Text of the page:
After spending my middle school years daydreaming, my high school years dismally disgusted with the world, and my college years searching out Eastern philosophy and art overseas, I decided that during grad school, I would search to re-discover what it was that I truly believed. And through much study and turmoil, I found it.
I studied with all sorts of people that year, including a group of Korean missionaries. They had a habit of taking a new name after becoming Christian. I always loved the art of names, so I was determined to select a unique one, even if I never were actually called by that name in public. Originally, I wanted to take the name Ruth, but a gentle lady in the congregation had already claimed had that name. So, I continued searching for a name that would represent my meekness, my passion, and my creativity. One day, I stumbled upon a woman whom I had never noticed before in my reading: Jehosheba.
Her story struck me, particularly because of her relationship to both the king and the priest. Just a few months before, I had spent hours studying the stones of the hoshen, the breastplate worn by the Jewish high priest. My eagerness to dive back into the Bible and to dwell on the Jewish priesthood had been spurred by watching Raiders of the Lost Ark that spring. I gazed in hushed wonder at the strange Belloq who donned the priestly garments, hoshen and all, to stand before the Ark. Belloq became a personal symbol of both my idolatry and my desire to serve the Living God. (It even took the form of a book, which was never completed.) I identified with Belloq's love for God's art, wondered where my mis-placed love had led me in the past, and tried to envision where it would take me in the future as I sought for the meaning that lay just behind the images. This fascination with imagery and the priesthood impressed the story of Jehosheba on my mind.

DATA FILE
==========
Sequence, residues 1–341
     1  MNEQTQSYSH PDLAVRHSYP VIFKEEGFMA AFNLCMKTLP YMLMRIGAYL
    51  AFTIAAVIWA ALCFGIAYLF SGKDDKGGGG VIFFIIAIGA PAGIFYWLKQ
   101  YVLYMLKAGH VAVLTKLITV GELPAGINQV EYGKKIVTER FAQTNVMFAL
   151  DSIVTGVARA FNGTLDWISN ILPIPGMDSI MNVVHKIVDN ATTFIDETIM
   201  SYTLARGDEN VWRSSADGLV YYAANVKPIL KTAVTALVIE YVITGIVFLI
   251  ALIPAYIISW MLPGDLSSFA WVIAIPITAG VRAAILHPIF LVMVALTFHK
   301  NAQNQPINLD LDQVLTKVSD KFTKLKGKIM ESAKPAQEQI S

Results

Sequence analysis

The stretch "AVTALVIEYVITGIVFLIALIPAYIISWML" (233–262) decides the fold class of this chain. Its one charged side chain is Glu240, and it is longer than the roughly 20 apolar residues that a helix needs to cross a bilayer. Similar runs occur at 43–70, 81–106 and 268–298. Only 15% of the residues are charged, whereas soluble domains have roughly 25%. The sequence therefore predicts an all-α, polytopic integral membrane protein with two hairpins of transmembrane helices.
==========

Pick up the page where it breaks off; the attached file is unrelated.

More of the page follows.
Added to this was the sweet fact that I and II Kings were the first books of Scripture that I read in full after dusting off my old black Bible from years of neglect. Belloq, for some reason, reminded me of King Solomon. I used to love Solomon's writings when I was younger, and this nostalgically came to mind. But as I reflected, I realized that I didn't really know anything about the man Solomon. Asking my father, I found that I could learn about King Solomon in I and II Kings, and this is why I dove into those books. I was like the Queen of Sheba, who heard about the wisdom of King Solomon and wanted to discover him for myself. I found more than I ever expected. Before that spring in 2006, my Bible had simply gathered dust as a necessary addition to my things. But from that time on, the Scriptures came to life before my eyes, sprang to life in my heart, and set my soul on fire.
I considered changing my lj name as soon as I finished grad school, but I didn't actually do it for another year or two. The name marks a change in the direction of my life - from a person who chased after pictures to a person who seeks the meaning behind the art. I long to know the prophet, priest, and king who entered within the veil of the temple to present himself as my offering and I long to find eternal rest there in the temple of the Living God.